Cubs vs. Mets Series Preview (June 20-23) – TV and Game Info, Starting Pitchers, Insights
After splitting a two-game series against the crosstown rival White Sox, the Cubs continue this homestand against the Mets. Coming into the season, there was some thought the Mets might be able to contend for a playoff spot, if not for the NL East crown. Through nearly three months, that hasn’t quite materialized.
The Mets haven’t been terrible by any means, but they’ve been pretty “Metsy,” for lack of a better term. Injuries, inconsistency, and under-performance have defined their season to this point. Their run production has been right in the middle of the National League but looking up and down the lineup, it feels like it should be a bit better.
The corner outfielders, Jeff McNeil and Michael Conforto, have built on strong offensive seasons last year and at 27 and 26 years old, respectively, provide pieces which the Mets can build around. Rookie first baseman Pete Alonso has been sensational this season, batting .271/.356/.617 with 24 home runs.
With those three as cornerstones, you’d expect the lineup might be rolling along pretty nicely. A big reason that they’re not is the disappointing performance of offseason acquisition Robinson Canó. It’s a frustrating to watch a player turn into a pumpkin the instant they put on your team’s uniform, but that’s essentially where the Mets are at the moment. I’d feel some sympathy, but I still have memories of Mets fans chanting “sweep” at Wrigley after the 2015 NLCS so instead what I feel is much closer to schadenfreude.
Starting pitching was expected to be a strength of the Mets and it has been…to an extent . Jacob deGrom has done Jacob deGrom things, though he hasn’t been quite as good as last year. Steve Matz‘s overall numbers took a hit in Wednesday’s start against Atlanta but he had been good enough before that. Noah Syndergaard has struggled a bit and is currently on the injured list, but you know the talent is there. That’s a pretty decent group, right?
They’re joined by inexplicably effective 36-year-old Jason Vargas. Vargas, who I constantly have to remind myself has not already retired, looks more like the freshman year literature professor who introduced you to Slaughterhouse-Five than a professional athlete.
See for yourself and tell me I’m wrong.
Jason Vargas says he was "confused" about his outing tonight. His comments after allowing four runs in 0.1 IP: pic.twitter.com/btQFzL8fFF
— Anthony DiComo (@AnthonyDiComo) April 14, 2019
Despite the scholarly look, Vargas has fared better than he did during that interview.
The Mets bullpen has bullpen has been a bit of a puzzle, too. Offseason acquisition Edwin Díaz has been okay in the closer role, but probably not quite as good as the Mets were hoping given the haul they gave up to get him. New York also decided to re-acquire their own former All-Star closer, Jeurys Familia. Familia, who was also a member of that annoying 2015 Mets team, has been either injured or extremely ineffective all year. Too bad, right?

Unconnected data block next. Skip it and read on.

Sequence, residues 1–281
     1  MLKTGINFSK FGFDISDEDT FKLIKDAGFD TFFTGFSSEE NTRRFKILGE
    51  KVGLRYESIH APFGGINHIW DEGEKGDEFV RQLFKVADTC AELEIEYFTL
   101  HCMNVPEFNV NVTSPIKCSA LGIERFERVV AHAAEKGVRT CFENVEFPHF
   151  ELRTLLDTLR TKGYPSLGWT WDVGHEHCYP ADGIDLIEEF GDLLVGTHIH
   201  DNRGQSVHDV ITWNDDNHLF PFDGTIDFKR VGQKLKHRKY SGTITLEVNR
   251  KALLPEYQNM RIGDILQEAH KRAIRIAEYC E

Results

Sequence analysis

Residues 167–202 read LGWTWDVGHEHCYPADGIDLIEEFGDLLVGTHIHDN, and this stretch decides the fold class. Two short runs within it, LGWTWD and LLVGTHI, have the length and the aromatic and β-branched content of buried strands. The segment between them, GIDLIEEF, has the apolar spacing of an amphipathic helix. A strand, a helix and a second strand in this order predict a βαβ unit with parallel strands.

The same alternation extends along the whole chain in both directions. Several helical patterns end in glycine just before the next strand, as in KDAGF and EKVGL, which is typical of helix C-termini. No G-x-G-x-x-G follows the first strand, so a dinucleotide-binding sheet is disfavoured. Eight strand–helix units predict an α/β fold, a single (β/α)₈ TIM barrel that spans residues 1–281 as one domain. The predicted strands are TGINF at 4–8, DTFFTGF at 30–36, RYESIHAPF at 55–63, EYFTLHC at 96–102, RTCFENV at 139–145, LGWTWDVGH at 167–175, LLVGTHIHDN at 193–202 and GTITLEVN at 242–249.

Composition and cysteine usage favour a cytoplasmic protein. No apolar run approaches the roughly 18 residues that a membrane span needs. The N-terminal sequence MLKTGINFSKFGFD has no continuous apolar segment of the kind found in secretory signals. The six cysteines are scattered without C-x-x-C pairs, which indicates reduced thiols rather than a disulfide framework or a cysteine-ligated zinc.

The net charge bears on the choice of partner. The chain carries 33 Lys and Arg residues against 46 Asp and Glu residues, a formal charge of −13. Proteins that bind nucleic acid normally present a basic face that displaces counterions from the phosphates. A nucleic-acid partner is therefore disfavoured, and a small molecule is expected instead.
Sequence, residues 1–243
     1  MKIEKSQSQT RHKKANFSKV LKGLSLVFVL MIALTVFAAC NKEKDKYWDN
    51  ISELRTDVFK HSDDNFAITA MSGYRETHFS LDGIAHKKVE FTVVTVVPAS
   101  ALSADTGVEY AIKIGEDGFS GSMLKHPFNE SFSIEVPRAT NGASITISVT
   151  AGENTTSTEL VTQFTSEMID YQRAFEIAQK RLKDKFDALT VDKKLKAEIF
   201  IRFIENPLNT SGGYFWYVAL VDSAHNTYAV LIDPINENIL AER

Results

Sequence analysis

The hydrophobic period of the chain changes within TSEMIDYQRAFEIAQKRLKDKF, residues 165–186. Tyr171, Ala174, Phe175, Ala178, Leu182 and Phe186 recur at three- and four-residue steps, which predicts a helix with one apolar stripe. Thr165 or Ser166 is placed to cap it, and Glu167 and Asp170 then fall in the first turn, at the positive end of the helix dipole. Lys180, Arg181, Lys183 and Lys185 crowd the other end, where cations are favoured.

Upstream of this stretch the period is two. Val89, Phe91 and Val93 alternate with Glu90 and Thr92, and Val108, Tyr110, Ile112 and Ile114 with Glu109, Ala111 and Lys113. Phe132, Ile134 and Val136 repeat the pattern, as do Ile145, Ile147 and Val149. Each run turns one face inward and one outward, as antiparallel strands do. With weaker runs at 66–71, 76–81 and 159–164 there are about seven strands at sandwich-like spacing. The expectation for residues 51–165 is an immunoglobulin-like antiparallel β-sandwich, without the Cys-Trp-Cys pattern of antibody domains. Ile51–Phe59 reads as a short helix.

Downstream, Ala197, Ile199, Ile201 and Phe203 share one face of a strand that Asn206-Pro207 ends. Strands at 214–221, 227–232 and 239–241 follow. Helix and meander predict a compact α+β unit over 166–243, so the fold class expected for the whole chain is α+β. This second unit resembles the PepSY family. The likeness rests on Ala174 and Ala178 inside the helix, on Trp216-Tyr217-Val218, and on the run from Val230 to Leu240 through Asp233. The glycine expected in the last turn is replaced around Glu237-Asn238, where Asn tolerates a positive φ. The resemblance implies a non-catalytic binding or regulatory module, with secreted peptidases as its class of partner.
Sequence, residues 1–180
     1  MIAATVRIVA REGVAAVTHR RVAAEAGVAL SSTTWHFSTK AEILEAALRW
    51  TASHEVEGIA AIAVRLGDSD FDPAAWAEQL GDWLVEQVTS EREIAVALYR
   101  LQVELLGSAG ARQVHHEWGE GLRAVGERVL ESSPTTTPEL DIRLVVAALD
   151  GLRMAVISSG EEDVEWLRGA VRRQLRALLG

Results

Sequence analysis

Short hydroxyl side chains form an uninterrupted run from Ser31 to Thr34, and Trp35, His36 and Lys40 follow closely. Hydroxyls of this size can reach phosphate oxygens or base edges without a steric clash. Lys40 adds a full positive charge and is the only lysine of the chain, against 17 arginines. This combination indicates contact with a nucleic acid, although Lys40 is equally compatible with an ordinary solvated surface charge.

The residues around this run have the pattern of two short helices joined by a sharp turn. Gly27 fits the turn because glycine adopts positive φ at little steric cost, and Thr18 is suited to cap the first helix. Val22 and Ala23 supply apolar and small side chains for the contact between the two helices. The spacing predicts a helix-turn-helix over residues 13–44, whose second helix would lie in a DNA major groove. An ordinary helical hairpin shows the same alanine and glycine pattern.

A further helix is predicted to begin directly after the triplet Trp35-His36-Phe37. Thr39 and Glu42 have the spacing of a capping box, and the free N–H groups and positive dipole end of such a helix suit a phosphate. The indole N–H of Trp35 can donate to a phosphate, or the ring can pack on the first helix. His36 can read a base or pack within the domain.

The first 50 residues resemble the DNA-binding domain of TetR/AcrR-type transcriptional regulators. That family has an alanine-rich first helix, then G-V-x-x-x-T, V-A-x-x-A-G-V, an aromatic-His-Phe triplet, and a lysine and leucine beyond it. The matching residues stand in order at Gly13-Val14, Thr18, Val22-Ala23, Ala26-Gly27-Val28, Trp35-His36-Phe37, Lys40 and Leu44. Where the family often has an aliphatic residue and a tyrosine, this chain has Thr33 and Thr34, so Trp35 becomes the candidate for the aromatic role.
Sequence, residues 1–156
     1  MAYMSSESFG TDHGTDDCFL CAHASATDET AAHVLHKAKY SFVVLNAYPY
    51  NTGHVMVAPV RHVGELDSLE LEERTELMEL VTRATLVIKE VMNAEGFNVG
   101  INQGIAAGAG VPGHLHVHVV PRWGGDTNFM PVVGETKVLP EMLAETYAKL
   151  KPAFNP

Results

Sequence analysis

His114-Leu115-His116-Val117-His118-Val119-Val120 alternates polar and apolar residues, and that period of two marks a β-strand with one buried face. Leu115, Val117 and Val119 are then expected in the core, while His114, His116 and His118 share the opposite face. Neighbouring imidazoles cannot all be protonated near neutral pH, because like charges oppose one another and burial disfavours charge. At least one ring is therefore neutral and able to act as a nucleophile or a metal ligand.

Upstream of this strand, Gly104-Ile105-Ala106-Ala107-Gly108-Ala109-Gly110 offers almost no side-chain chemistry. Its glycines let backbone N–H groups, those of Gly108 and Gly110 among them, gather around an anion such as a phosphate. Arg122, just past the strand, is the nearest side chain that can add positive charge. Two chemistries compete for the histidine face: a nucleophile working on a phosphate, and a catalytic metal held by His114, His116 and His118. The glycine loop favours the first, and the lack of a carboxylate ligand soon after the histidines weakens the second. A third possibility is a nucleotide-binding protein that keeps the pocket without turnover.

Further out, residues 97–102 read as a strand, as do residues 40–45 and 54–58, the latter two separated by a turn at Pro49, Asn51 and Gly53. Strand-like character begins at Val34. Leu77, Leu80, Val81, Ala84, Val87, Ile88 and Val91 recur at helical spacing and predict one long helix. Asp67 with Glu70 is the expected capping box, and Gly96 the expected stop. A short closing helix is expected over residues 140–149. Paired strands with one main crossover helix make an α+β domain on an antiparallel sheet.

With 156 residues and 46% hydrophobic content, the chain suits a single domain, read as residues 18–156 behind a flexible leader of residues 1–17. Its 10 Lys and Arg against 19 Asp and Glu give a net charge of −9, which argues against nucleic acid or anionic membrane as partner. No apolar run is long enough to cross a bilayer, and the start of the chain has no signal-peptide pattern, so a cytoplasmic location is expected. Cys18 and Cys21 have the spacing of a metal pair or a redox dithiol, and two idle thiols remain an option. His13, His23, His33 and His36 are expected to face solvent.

The Cubs, meanwhile, will be hoping to rebound from what has been another rough stretch defined by an inability to generate much offense. A big win on Wednesday night might provide some momentum to carry forward into this series. On paper, the Mets present a tantalizing opportunity to erase some of the pain of the recent slump and gain some ground in what has been an uncomfortably competitive NL Central.
TV and Broadcast
- Thursday, June 20 at 7:05pm CT on WGN and MLB Network
- Friday, June 21 at 1:20pm CT on NBC Sports Chicago and MLB Network
- Saturday, June 22 at 1:20pm CT on ABC 7 and MLB Network
- Sunday, June 23 at 1:20pm CT on ABC 7
*Lockett is filling in for the injured Noah Syndergard and has not pitched in the majors this year, stats listed are AAA. FIP is not calculated for minor league players.
What to Watch for
- Zack Wheeler, Saturday’s starter for the Mets, has an ugly ERA but a FIP that is considerably better. His peripherals tend to suggest that he deserves much better results than he’s gotten, so don’t be surprised if he gives the Cubs more trouble than you’d expect from a guy with an ERA approaching five.
- Yu Darvish is coming off what is certainly his best start as a Cub and his June ERA sits at a solid 3.44 through three starts. Asking him to repeat his sparkling performance may be a bit greedy, but if he can come anywhere close it’ll be an encouraging sign.
- The aforementioned Lockett hasn’t pitched in the majors this year, but did last year and really struggled. He pitched to a 9.60 ERA in three starts and could present a good opportunity for the Cubs.